Copper mine contamination leads to $20 million settlement for small town residents

Residents of a Northern Nevada town are $20 million richer after reaching a settlement with a company accused of covering up a leaking World War II-era copper mine, the Associated Press reports.

Seven hundred neighbours of the old Anaconda mine, located about 65 kilometres southeast of Reno, claimed that Atlantic Richfield and its parent BP America had "intentionally and negligently" concealed the extent of chemical leakage into their drinking water.

Atlantic Richfield, which purchased the Anaconda mine in the 1978, acknowledged no wrongdoing in the settlement. It argued that the region has naturally occurring uranium and that there's no proof that the copper mine caused the contamination.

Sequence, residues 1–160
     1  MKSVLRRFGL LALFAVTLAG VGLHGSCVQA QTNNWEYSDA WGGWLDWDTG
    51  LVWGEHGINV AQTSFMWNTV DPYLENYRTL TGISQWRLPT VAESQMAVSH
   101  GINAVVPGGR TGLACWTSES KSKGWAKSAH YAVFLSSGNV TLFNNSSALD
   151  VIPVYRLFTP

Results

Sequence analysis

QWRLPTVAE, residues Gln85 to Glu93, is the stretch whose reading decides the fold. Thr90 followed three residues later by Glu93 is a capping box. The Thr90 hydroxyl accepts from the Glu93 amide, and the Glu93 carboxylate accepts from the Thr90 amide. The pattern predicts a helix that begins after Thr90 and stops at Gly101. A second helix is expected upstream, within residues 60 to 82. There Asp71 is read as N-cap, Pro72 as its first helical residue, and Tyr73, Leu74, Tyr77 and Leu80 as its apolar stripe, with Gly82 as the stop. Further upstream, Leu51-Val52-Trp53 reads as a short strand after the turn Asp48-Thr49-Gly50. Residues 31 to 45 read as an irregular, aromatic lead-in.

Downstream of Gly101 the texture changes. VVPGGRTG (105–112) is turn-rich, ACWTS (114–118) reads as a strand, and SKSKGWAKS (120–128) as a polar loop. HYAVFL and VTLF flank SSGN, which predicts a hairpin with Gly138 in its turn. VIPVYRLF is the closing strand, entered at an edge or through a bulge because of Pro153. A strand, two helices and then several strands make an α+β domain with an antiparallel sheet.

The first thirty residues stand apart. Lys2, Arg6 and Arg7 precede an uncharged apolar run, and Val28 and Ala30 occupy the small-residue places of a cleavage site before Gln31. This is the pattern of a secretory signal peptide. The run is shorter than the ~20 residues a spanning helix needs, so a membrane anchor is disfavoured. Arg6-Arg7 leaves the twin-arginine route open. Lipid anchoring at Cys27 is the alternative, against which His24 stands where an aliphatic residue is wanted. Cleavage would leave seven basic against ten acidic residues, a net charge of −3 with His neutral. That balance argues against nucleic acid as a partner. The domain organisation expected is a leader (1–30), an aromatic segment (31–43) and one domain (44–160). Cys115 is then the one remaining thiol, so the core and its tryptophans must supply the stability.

Residents filed the lawsuit after an EPA investigation determined that uranium, a by-product of the mine, was leaking into groundwater, resulting in "dangerous levels of uranium or arsenic or both" in 79% of wells north of the mine. A US Labour Department review in 2008 also revealed that the clean-up schedule had not been enforced.

The companies will pay $7 million in property damages, $900,000 for a medical monitoring fund and up to $12.5 million to connect water supplies with the city of Yerington's water distribution system.

In its heyday, Anaconda Copper Mining, the company that originally operated the Nevada mine, was the fourth largest company in the world. Between 1952 and 1978, the mine produced 1.7 billion pounds of copper. It shut down due to low copper prices.